A Discussion of the Currently Accepted Cannabis Varieties (Species)
Cannabis is an annual flowering plant belonging to the Cannabaceae family.
The term ‘family’ above, describes one of the lower ranks of the Hierarchy of Biological Classification (scientific classification system) also referred to as the ‘tree of life’. To understand just where cannabis is located within this ranking, we must first understand the ranking system itself.
Here is an image of the biological system of order:
As you can see, Life is at the top and contains all living organisms. Species is the lowest rank.
Life: contains all living things and cannabis, being a plant, fits into this category.
Domain: Plants and animals are part of the Eukarya domain. One of the three established domains at this rank.
Kingdom: Before the new three-domain system, Kingdom was the top rank of the entire classification system. The Kingdom rank contains: Animalia, Plantae, Fungi, Protista, Archaea and Bacteria. Cannabis is in the Plantae category.
Phylum: can be thought of as a way of grouping organisms based on their general body plan. Marijuana falls into the Magnoliophyta phylum. Magnoliophyta means flowering plants. This includes flowers and fruit (marijuana is a flower) and plants that have a vascular system with vessels.
Class: Cannabis is a part of the Magnoliopsida Class. Magnoliopsida is a valid botanical name for a class of flowering plants.
Order: Rosales is an order of flowering plants that include nine families. Aside from cannabis, other well-known members of Rosales include: apples, pears, peaches, almonds, figs and nettles.
Family: Cannabis is a part of the Cannabaceae Family. Also in this family are hops, well known for its inclusion in the beer making process. (Cannibus, as a genus had previously been placed in the Mullberry (Moraceae) or Nettle (Urticacae) family, but is now considered to properly belong to the Hemp family (Cannabaceae)).
Genus: Finally, cannabis itself, is the name of the Genus.
Species: Lastly, we have the Species ranking. Under the cannabis genus, there are three commonly accepted species of Marijuana. These three species are; 1) Cannabis Sativa, 2) Cannabis Indica, and 3) Cannabis Ruderalis. Most people know of both indica and sativa, however, very few people have ever heard of ruderalis.
Here is a quick review:
Scientific Classification Of Cannabis
Life: All Living Things
Species: Sativa, Indica and Ruderalis
So, now that we know just where cannabis sits on the ‘tree of life’, lets take a look at the different cannabis varieties/species.
Cannabis Sativa: Cannabis Sativa is a marijuana variety that likely originated in the Himalayan lowlands. The Sativa species is the tallest of the three cannabis species with outdoor plants reaching a height of 20 to 25 feet in height. Sativa is also less bushy than indica and can be grown closer together. Due to the height of this species, sativa has been utilized for its longer fibers since man began to cultivate it. Sativa is now cultivated all around the world.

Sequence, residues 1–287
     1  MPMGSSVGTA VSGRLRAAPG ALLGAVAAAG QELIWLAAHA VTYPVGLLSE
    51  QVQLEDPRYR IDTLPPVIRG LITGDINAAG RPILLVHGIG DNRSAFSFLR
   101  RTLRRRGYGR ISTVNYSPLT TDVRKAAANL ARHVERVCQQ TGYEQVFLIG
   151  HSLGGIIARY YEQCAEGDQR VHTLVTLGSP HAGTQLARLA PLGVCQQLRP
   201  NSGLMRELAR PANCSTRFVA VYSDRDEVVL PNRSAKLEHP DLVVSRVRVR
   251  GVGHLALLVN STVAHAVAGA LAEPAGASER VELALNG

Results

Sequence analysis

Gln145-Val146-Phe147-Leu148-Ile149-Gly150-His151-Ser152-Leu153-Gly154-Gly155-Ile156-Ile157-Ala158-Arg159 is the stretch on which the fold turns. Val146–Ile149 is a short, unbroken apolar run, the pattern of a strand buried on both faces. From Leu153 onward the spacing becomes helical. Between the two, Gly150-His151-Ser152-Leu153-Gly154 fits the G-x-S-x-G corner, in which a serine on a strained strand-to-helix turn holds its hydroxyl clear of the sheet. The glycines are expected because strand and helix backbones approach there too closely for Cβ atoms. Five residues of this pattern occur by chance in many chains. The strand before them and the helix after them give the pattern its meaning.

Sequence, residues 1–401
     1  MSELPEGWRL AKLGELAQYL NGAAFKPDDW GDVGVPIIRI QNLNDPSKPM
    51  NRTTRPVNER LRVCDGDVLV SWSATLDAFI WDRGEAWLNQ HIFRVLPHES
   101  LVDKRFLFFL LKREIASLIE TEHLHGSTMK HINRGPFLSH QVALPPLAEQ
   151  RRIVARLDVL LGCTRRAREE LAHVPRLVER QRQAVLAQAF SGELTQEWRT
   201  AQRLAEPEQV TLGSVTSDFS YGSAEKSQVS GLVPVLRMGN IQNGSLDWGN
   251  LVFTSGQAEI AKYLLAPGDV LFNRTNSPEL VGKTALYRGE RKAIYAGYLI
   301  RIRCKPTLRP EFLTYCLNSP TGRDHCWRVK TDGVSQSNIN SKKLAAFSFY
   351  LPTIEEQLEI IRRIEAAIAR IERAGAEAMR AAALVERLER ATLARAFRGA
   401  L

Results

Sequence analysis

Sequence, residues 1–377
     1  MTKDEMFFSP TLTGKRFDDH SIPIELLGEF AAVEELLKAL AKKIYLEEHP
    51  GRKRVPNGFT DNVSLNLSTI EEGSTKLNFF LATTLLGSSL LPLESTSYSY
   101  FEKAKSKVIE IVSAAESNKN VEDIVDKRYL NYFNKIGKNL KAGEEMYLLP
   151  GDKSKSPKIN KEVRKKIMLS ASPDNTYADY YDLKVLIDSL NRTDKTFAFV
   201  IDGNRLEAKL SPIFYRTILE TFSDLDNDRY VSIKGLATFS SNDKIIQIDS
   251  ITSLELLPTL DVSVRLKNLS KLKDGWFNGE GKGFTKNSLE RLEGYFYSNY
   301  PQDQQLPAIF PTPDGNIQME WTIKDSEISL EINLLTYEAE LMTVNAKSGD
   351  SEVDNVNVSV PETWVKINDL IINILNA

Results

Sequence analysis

THC from the sativa plant is generally lower when compared to the indica species while CBD is higher. This results in a sativa that produces a heady or more energetic high. The yield of the sativa plant is less than that of the indica plant. This is mostly due to the tall and spindly nature of the Cannabis Sativa species. Sativa also takes more time to mature and is best suited for growing outdoors.
Many strains of sativa have been developed for indoor growing as well as having been combined with indica strains in order to create new strains with more desired characteristics such as a greater yield and bushier plants.
Cannabis Indica: Cannabis Indica is a marijuana variety that likely originated in the Himalayan highlands. Indica is the bushiest of the three marijuana species and is in the middle of the three cannabis species when it comes to height. Plants grown outdoors will rarely exceed ten feet in height.
The increased THC and decreased CBD in the indica species results in a much heavier stone that has more of a body high when compared to sativa. The yield of indica is greater than the sativa plant and it takes less time reach maturity.
Cannabis Ruderalis: First discovered in Eastern Europe (central Russia) by Russian botanist D.E. Janichevsky, this very short cannabis variety is known for its ability to grow in colder, harsher climates and its ability to switch from vegetative growth to flowering once it has grown 5 to 7 sets of leaves. What this means is that this plant can flower regardless of a change in light due to a shorter day.
This plant grows only 24 inches tall at most. Certain breeders have created new cannabis varieties crossing ruderalis with indica and sativa in order to create a heavy budding plant that will grow in harsher conditions. Cannabis varieties crossed with ruderalis result in a lower THC count, however, the plants are shorter and mature quicker.